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Heavy duty weed-wacker VS push on flail mower for understory in older trees

Posted by Fabio Chizzola 
I saw a picture Michael put on his second Apple Grower book of his daughter "posing" with a push-on brush mower thru the orchard.
We have around 400 old and big trees and we have been cutting the grass under with a heavy duty weed-wacker where my offset (1 foot) brush hog doesnt get to. Using the weed-wacker has some pros, but the cons of changing the string so many times and taking such a long time to finish are making me think I might have the wrong piece of equipment.
Looks like best company for a push brush mower is BCS…..but before i dive into spending more money, wanted to ask whoever has experience with these machines a few questions:

1. how is the manovrability of the BCS machines? I would have to go around a tree with hanging branches, is it doable with a machine like this? This is my biggest concern.

2. are these machine worth the money to just cut the grass under my big trees? or I should just stay where i am with the weed-wacker?

Thank you.
Fabio

Westwind Orchard
Zone 5b in New York
Re: Heavy duty weed-wacker VS push on flail mower for understory in older trees
August 02, 2017 08:43AM
I have had a BCS walking tractor for like 20 years. I use the brush mower attachment everywhere on the farm. I actually gave my sickle bar attachment to Josh (as these can rattle you to death and here, with so many rocks, I had to constantly replace teeth). I also have the Berta flail mower attachment, which is fantastic and better than the flail that BCS offers. I use the flail mostly in the market gardens to manage cover crops but have gone in on my flatter tree ground and it’s worthy for pulverizing fallen leaves. I highly recommend Earth Tools in Kentucky for getting BCS equipment, even at a distance. Joel Dufour is the man for quality service and the best implement line (and a business sponsor of our grower’s network to boot.) I’ve gotten my BCS equipment from Joel ever since my first machine, when I traded up to the 853 professional model.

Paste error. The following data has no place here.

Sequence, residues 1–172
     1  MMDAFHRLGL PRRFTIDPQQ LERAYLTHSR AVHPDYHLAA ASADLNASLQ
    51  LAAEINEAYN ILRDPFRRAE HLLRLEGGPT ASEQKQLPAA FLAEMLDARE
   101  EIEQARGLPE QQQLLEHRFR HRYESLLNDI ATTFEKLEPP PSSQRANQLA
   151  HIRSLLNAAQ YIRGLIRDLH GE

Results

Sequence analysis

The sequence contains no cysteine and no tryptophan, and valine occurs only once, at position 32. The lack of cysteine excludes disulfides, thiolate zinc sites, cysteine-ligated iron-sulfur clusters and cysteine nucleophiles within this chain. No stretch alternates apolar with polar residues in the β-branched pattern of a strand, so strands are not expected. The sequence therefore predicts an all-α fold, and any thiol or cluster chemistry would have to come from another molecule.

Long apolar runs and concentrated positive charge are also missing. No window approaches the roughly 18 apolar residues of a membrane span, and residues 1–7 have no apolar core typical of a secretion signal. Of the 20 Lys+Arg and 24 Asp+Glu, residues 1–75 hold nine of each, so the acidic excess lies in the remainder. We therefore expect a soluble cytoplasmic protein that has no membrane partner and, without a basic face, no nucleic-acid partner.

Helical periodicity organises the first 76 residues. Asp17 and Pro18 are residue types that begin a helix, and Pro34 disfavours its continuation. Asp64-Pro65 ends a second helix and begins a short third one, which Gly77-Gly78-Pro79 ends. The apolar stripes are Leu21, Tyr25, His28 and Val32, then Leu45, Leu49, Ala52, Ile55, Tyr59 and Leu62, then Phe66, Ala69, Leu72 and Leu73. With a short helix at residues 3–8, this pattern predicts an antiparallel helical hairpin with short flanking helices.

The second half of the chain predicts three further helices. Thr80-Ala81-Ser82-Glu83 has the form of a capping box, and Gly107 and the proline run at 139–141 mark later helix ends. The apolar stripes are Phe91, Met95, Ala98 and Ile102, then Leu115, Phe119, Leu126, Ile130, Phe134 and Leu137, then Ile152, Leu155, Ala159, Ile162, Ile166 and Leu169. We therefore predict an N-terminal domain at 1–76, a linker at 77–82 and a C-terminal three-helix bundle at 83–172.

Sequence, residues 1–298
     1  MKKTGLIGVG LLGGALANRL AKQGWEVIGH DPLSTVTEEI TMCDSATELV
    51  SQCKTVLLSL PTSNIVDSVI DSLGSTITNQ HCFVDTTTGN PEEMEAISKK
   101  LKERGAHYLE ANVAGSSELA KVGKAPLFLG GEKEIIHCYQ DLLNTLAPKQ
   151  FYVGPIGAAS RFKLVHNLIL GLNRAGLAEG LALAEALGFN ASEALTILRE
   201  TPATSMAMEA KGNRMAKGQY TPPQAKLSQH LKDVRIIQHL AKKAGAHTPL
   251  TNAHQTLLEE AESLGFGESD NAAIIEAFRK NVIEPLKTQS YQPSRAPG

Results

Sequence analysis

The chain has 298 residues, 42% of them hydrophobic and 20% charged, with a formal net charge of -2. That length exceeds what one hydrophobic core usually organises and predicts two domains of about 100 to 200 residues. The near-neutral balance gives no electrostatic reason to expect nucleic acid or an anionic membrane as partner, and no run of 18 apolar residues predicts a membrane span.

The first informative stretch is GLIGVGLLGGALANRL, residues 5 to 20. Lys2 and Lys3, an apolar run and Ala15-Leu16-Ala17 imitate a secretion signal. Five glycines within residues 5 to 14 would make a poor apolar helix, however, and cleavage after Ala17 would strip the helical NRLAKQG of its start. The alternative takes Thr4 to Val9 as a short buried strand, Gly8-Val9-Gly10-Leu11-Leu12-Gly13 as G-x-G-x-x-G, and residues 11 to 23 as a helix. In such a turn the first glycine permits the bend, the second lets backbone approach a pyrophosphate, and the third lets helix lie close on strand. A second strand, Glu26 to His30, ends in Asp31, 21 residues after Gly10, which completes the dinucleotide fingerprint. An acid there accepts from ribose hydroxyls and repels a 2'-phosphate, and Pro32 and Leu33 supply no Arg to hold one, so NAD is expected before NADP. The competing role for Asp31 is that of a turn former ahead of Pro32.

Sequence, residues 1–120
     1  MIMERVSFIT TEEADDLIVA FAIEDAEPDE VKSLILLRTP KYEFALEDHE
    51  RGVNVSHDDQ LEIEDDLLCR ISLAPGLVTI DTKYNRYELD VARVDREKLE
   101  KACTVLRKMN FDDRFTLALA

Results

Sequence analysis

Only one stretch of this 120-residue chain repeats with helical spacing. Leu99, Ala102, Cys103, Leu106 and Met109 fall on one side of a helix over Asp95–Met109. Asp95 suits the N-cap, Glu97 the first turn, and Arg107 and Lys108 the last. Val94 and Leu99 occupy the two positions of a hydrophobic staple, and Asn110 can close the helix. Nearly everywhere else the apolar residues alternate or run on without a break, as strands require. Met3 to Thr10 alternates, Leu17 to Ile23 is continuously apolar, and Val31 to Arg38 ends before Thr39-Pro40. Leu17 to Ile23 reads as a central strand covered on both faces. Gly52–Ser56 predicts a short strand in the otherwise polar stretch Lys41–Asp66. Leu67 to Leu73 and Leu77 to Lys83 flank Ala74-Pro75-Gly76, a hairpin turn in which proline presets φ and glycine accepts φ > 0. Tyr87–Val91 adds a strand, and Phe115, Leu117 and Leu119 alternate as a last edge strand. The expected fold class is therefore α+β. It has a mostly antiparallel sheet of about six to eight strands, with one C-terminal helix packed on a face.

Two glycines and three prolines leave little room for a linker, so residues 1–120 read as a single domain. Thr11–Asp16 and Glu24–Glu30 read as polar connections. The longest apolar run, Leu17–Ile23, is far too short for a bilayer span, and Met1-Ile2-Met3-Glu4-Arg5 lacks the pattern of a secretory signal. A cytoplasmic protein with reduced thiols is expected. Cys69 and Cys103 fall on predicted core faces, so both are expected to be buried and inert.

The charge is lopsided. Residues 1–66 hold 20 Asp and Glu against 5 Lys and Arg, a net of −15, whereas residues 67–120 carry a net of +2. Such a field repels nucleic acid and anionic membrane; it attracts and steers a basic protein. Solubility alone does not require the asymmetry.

As far as hanging branches go: You don’t so much go around the tree as “dart back and forth” radially, using reverse to back out and then move to a good angle for mowing down the swath under the next branch. It's the one option for me on this hilly terrain beyond the trusty ol' scythe. I like how I can choose which plants to take down, while leaving others like comfrey as living mulch. There's a learning curve to handling the BCS, just like anything.

Lastly, all should know that my daughter never ever ran this machine, she was just happy to help her dad with a photo op for the second orchard book.

Lost Nation Orchard
Zone 4b in New Hampshire



Edited 1 time(s). Last edit at 08/04/2017 07:44AM by Michael Phillips.
Hi Fabio - Michael was clearly trying to kill me with the 'gifting' of his old sickle-bar attachment. I bolted it on and enthusiastically went out to work. An hour later, my hands and wrists were numb from the vibrations, and I realized these things are best given away to unsuspecting friends.

I have since discovered the 'double-acting' sickle bar mower from Earth Tools, which costs 2x as much as the single acting one but has virtually no vibration & is super awesome, I use it all the time. The single acting ones are truly terrible, please, no one waste their money on them.

PROS: It cuts a 4' swath (much faster than a 2' rotary mower), you can get a 6' also but wouldn't work for me since I'm also mowing between closely-planted berries..but if you had big areas to cover, imagine how fast you could mow with a 6' pass. The BCS unit (or Grillo which I bought b/c $1k cheaper) can offset it's handlebars to one side so the operator can be somewhat out of the way of branches, while the mower sneaks underneath a bit. & with the reach of a 4' bar you can get under the trees very effectively.

CONS: Unfortunately it is fairly easy to hit trees with this if you're not really careful...so be extremely careful using this setup on young plantings. I actually cut a 1" apple tree down, it cut it clean through. (ouch..) But for older, bigger trees, not really an issue..they can take an occasional hit.

This is a hay mower, lays down the grass clean-cut at the base..does not chop it up at all. This may be a pro or con, depending on your situation.
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